He participated in the 54th. International Art Exhibition, Venice Biennale, Italian Pavilion, curated by Vittorio Sgarbi, Lombardy Regional Pavilion, Palazzo Te, Mantua, “Turn The Page: the first ten years of hi-fructose” at Virginia Museum Of Contemporary Art (Moca) (US), POW! WOW! Hawai’i at the Honolulu Museum of Art School (US), LA NATURA SQUISITA: BEYOND THE BOUNDARIES OF POP at the Fondazione Stelline (Milan), The New Vanguard – at The Lancaster Museum of Art and History (MOAH) and in IMAGO at the Much Museum in Munich (Germany).
His personal exhibitions include “Dear Collapse” Thinkspace Project (Los Angeles), “Monism” Galleri Benoni (Copenhagen), “Il Ricordo è Un Consolatore Molesto” Galleria Patricia Armocida (Milan), “Home” Galleria Giovanni Bonelli (Milan), “Animanera” Jonathan LeVine Gallery (NY).

On Tuesday 14th April you will find on Collater.al’s channel the video of the making-of of the unpublished work that will be auctioned on 32actions where it will remain until the end of April.

Art is Resistance – Marco Mazzoni
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Art is Resistance – Marco Mazzoni
Art is Resistance – Marco Mazzoni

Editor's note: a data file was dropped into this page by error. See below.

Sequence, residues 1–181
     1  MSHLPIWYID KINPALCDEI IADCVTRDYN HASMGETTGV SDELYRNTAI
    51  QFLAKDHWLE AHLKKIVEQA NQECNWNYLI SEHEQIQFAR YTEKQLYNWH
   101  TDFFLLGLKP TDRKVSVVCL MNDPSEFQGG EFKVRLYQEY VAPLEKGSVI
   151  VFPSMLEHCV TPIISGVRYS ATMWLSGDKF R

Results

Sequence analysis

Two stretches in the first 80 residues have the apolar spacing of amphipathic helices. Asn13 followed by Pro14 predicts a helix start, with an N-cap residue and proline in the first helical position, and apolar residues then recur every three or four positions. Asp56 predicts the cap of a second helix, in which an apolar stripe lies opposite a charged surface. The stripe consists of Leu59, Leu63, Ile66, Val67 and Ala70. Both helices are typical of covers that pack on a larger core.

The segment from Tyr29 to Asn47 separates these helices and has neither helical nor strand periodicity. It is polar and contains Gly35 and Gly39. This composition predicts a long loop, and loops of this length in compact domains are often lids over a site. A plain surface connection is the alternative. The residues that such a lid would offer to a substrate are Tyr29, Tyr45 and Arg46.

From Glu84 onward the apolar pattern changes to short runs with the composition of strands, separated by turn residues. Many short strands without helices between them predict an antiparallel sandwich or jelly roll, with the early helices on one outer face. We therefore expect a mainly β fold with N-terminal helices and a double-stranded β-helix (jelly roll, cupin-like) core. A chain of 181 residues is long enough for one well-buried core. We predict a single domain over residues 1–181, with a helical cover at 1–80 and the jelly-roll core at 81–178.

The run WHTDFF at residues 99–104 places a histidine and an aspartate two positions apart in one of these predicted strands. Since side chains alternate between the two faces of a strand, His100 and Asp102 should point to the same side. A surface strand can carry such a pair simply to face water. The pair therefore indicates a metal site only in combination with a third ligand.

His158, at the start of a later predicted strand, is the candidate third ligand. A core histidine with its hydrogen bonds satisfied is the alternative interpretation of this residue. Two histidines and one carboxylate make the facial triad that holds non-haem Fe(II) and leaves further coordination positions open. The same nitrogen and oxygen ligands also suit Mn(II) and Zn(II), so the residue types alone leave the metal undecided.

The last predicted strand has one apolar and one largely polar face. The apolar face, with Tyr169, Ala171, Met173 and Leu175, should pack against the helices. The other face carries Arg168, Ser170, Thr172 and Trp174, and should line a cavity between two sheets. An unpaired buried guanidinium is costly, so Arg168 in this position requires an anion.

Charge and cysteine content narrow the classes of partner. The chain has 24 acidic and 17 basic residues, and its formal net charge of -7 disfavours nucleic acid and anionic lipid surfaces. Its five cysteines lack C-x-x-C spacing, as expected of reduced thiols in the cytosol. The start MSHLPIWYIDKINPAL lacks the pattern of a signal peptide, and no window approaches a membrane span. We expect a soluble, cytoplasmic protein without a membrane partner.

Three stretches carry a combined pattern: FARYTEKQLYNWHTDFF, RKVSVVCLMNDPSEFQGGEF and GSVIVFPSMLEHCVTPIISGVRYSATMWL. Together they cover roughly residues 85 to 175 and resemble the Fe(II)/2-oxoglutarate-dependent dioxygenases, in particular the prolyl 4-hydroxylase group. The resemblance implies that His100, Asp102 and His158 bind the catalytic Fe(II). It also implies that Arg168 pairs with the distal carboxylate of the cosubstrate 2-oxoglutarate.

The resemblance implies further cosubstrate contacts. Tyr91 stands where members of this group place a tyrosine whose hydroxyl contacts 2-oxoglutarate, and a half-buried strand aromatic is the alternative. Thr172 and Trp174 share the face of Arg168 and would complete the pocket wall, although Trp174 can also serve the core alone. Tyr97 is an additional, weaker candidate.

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The colorful and dynamic illustrations by Petra Eriksson

The colorful and dynamic illustrations by Petra Eriksson

Giulia Guido · 3 months ago · Art

Colorful, dynamic and daring. These are the illustrations of Petra Eriksson, a young illustrator of Swedish origin who now lives and works in Barcelona. This is not the first time we talk about the work of this young artist, about two years ago we focused on the beautiful portraits that led her to edit the illustrations for the book Bygone Badass Broads: 52 Forgotten Women. Today we come back to talk about her because in these years Petra Eriksson’s portfolio has continued to grow, starting to give space to other subjects as well. 

Thus, the production of portraits is interspersed with two other subjects that have become more and more present, landscapes and food

Always characterized by safe and bold use of color and full backgrounds, Petra Eriksson’s work fascinates her 80,000 followers every day on Instagram, but that’s not all. In fact, Petra Eriksson’s style has led her to collaborate with clients such as The New Yorker, The Guardian, and The Sunday Telegraph